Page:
The Board of Education last Monday made a number of major decisions all in one night — to keep a nine-period day at Ridge High School, overturning a previous decision, to adopt an $89-million school budget to place on the April 27 ballot, and to investigate a solar project that would fund some needed roof repairs.
The school board's 6-3 decision to return about the high school was reached after a number of board members said they had received at least 360 emails regarding the issue of the nine-period day. Board Member Ken Wilke said that approximately 98 percent of the emails he had received were in favor of maintaining the nine-period day. "I feel the nine-period day is a better fit for our district," he said.
Also on Monday, the school board voted to adopted a proposed budget that will ask taxpayers to fund $80.1 million of the proposed $89 million school budget for 2011-12.
The figure that will be printed on the April 27 school budget to fund the current budget —$74,368,937 —would be a flat 2 percent increase above this year's tax levy, according to school figures. Taxpayers also would fund $5.7-million in debt payments, a figure not placed on the ballot.
Even so, if the budget is approved, township taxpayers would see a 3.6 percent increase in their school taxes for 2011 since the school budget year and tax levy is averaged over six months of each year.
If approved, the proposed school tax would add another $248.53 onto the average township home, which is assessed at $581,060, said School Business Administrator Nick Markarian.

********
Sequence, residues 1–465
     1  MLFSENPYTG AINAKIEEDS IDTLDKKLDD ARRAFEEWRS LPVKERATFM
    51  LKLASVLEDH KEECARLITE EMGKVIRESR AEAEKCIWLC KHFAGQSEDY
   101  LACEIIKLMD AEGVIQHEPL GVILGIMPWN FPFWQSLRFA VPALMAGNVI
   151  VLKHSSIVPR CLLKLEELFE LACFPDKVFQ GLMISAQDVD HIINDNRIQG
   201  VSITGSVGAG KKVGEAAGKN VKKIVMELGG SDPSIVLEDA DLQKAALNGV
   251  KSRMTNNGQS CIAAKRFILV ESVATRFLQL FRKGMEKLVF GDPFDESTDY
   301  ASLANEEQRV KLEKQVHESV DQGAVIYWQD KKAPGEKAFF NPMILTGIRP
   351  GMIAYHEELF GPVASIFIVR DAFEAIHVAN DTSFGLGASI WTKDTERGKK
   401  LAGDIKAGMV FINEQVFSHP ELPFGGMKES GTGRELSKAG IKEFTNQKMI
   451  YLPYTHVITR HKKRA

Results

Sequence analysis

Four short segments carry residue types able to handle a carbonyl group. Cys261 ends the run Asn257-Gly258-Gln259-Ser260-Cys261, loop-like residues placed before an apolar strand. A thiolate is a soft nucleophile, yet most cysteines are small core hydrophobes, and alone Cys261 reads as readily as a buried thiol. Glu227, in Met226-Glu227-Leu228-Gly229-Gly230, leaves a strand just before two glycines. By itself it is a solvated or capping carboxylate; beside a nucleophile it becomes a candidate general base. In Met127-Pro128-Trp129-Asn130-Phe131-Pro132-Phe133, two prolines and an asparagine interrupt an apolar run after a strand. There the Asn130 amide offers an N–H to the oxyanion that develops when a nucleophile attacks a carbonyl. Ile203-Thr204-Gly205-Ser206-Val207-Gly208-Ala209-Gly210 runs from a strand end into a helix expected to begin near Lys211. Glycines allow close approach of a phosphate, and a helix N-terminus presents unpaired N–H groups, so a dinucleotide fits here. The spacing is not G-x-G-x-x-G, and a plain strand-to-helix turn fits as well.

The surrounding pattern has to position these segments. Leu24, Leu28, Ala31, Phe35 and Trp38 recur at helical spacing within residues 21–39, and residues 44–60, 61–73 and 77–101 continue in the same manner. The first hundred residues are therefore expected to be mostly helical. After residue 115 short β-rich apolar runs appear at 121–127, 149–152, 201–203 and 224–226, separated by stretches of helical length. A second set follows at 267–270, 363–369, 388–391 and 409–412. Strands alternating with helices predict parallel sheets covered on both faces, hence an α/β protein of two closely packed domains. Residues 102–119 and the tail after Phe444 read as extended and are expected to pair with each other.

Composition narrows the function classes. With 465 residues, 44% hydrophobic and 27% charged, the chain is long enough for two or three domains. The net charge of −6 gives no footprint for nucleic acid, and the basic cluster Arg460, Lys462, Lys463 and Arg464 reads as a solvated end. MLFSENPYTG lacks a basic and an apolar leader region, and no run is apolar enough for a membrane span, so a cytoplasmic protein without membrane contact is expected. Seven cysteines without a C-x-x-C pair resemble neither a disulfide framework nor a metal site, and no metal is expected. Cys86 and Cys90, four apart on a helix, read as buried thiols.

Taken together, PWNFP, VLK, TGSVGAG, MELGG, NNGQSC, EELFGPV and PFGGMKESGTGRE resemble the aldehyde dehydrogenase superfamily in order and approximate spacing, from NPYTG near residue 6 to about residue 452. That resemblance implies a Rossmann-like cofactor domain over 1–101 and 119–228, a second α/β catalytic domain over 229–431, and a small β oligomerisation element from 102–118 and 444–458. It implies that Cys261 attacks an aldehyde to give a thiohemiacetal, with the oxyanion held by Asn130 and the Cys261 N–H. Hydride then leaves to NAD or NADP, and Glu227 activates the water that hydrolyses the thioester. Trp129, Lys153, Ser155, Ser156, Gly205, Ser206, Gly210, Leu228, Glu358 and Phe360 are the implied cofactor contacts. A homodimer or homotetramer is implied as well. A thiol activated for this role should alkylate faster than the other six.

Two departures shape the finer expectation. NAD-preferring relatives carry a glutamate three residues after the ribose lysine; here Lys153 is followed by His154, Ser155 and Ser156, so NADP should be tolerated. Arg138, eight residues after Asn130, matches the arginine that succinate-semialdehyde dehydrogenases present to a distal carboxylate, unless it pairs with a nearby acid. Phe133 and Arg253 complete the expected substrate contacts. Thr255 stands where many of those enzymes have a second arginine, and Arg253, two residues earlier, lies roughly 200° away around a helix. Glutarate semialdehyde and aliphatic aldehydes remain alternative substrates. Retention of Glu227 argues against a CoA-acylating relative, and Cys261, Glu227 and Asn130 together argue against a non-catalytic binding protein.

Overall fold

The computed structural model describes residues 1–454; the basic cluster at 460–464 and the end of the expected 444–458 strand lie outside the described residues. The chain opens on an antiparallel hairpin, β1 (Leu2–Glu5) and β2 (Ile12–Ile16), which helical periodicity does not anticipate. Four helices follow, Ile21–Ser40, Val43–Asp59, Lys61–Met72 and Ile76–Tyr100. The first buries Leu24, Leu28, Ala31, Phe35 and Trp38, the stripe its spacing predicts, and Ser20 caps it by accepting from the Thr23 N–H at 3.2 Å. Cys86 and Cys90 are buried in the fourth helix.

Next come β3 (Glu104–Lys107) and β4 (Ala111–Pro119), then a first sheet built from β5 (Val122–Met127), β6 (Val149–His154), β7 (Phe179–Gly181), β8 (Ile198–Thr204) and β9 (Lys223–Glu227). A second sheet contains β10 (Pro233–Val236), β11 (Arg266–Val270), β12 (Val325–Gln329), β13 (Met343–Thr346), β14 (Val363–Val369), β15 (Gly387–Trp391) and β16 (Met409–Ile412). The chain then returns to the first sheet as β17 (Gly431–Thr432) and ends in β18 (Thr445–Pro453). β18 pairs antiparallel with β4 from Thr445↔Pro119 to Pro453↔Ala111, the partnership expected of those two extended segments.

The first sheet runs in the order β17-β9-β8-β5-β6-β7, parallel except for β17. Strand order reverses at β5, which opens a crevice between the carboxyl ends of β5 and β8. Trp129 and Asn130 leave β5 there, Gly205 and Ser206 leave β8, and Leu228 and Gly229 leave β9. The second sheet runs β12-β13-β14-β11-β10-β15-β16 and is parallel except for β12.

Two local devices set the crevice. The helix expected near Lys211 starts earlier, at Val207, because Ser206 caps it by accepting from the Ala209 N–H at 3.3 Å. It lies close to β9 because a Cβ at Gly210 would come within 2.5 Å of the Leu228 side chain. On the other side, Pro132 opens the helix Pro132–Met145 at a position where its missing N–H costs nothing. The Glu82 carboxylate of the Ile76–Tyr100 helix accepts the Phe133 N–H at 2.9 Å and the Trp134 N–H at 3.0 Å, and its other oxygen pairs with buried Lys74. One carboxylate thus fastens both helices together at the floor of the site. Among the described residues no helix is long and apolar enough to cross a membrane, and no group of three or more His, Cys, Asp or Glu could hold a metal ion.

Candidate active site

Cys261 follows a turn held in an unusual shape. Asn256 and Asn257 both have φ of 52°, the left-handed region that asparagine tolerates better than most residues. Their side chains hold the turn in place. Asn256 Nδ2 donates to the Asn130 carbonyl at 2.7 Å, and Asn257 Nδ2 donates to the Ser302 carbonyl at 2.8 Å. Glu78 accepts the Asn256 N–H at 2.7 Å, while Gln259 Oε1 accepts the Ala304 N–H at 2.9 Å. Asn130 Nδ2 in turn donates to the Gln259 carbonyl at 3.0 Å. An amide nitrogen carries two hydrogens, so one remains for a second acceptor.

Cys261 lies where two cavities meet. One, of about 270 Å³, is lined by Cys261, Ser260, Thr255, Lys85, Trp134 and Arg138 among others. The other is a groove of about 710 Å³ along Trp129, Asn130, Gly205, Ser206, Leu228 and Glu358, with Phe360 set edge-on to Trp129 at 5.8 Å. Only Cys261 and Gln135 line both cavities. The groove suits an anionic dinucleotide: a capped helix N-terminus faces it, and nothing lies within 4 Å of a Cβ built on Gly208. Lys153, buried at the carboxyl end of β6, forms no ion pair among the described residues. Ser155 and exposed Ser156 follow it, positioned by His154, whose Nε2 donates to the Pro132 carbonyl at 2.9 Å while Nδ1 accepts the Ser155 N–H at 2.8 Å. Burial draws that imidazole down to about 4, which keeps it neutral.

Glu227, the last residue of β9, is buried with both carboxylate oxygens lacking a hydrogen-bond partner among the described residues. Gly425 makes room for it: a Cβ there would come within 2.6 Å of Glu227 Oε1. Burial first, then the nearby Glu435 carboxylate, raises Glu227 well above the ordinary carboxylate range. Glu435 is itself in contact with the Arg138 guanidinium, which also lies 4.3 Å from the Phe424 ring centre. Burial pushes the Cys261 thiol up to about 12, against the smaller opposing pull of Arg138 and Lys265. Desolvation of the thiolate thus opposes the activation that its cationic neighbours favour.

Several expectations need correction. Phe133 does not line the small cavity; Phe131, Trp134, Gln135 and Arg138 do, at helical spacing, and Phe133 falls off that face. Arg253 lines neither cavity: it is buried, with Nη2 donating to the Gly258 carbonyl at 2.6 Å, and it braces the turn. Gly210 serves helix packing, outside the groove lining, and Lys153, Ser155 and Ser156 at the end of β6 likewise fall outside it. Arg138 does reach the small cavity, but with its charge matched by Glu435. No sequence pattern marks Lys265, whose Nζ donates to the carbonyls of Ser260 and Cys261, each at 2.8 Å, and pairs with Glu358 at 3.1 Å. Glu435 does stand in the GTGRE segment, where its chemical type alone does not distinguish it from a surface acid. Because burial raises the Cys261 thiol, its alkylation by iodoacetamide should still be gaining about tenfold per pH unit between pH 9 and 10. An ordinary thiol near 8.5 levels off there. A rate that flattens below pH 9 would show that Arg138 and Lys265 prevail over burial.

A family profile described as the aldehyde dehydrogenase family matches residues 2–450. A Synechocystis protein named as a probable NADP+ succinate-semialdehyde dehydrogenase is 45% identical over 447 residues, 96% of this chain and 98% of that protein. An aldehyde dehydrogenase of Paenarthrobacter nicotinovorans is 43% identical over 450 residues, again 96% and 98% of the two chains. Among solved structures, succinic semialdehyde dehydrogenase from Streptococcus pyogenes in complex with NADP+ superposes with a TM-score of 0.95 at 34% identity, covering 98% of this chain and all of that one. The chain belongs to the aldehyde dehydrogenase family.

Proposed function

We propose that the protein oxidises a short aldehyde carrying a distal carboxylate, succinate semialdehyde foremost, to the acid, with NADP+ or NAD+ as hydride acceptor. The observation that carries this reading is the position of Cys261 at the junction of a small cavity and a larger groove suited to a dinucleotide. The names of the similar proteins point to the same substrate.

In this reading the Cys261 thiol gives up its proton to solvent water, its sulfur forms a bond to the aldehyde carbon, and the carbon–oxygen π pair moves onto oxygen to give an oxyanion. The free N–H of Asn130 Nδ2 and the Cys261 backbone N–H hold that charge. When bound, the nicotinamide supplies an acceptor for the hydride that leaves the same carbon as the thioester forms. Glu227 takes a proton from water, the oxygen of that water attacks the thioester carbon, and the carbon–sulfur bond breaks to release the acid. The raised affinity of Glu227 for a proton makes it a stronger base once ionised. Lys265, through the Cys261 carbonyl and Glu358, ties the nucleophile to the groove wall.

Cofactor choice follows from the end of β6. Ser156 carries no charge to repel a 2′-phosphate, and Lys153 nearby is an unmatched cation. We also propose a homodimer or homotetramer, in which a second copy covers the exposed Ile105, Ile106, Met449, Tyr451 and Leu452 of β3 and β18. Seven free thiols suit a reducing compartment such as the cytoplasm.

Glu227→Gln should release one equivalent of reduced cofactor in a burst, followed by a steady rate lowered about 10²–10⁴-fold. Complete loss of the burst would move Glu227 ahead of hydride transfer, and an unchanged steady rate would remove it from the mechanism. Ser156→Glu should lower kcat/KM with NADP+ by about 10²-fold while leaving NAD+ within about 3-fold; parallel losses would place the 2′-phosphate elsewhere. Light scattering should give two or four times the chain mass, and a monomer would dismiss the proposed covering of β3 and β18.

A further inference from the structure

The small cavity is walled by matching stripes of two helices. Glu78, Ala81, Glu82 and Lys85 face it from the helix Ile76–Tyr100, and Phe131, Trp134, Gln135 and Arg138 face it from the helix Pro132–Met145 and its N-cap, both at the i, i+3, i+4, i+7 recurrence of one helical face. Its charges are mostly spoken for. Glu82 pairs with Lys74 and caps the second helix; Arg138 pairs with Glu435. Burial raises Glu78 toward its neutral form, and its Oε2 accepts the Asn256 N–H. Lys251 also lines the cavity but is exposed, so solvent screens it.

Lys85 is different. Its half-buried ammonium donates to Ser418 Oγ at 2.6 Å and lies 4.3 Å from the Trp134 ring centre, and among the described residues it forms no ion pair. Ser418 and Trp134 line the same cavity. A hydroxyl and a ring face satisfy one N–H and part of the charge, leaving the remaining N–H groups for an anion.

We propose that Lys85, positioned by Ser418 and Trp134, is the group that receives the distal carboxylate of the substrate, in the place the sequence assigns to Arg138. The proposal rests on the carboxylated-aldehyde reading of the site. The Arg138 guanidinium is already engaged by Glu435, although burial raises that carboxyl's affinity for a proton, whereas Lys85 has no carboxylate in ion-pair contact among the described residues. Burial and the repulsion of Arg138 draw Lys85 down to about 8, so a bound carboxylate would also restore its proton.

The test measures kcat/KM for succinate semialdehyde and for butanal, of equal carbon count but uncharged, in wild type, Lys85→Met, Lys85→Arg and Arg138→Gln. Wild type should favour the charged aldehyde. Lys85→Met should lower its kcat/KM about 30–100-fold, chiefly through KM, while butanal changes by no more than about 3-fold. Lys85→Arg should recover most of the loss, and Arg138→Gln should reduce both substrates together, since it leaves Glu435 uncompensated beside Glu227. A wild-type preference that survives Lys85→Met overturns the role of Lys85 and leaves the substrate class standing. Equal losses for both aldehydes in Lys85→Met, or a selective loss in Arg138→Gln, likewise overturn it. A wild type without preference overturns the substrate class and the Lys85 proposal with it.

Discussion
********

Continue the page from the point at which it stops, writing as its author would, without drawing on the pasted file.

At the same meeting, a majority of school board members also directed Markarian to work with the school architect's staff to come up with a plan to finance many needed roof repairs by allowing solar vendors to install solar installations on school property. That decision means the school board will decline to participate in a proposed Somerset County project to install panels on multiple municipal and school properties in Bernards and other municipalities around the county.
Then, on Tuesday night, the Township Committee introduced a $35,5766,902 municipal budget for 2011, a decrease from last year's budget of $36.15-million.
However, the proposed municipal tax levy for 2011, $17 million, would be a 2.98 percent increase from 2010 if the budget is approved after a public hearing scheduled for the April 26 Township Committee meeting. Municipal officials said they have experienced double-digit increases in areas such as state-mandated pension costs. However, officials said the overall tax levy proposed for this year is just slightly above the $16.7-million tax levy in 2005.
Moreover, Township Administrator Bruce McArthur and other officials said that the township will by this November be completely debt-free, except for open space investments financed separately by the township open space tax.
Also on Tuesday, the Township Committee was told by its demographer, William Draper, that the township's population may have been underestimated in the 2010 census because the census bureau failed to count homes within Bernards Township that have a Far Hills address. The census count for 2010 was 26,652, while Draper said the figure actually is somewhat above 28,000.
Mayor John Malay said William Draper, a township retiree who is a volunteer demographer, had been asked to look more closely at the numbers since the figures released early this year appeared to be on the low side.
The Township Committee directed McArthur to work with Draper to approach the U.S. Census Bureau for a re-examination of the figures since the township's eligibility for grant money, a liquor license and more.
Meanwhile, student athletes awaited Friday, April 1 for the opening of several spring sports — including baseball, softball, boys lacrosse and golf. Except for lacrosse, most of those athletes had to wait to get out and play — the winter of 2010-11 brought some rain and fat snowflakes to delay many games for a day or more.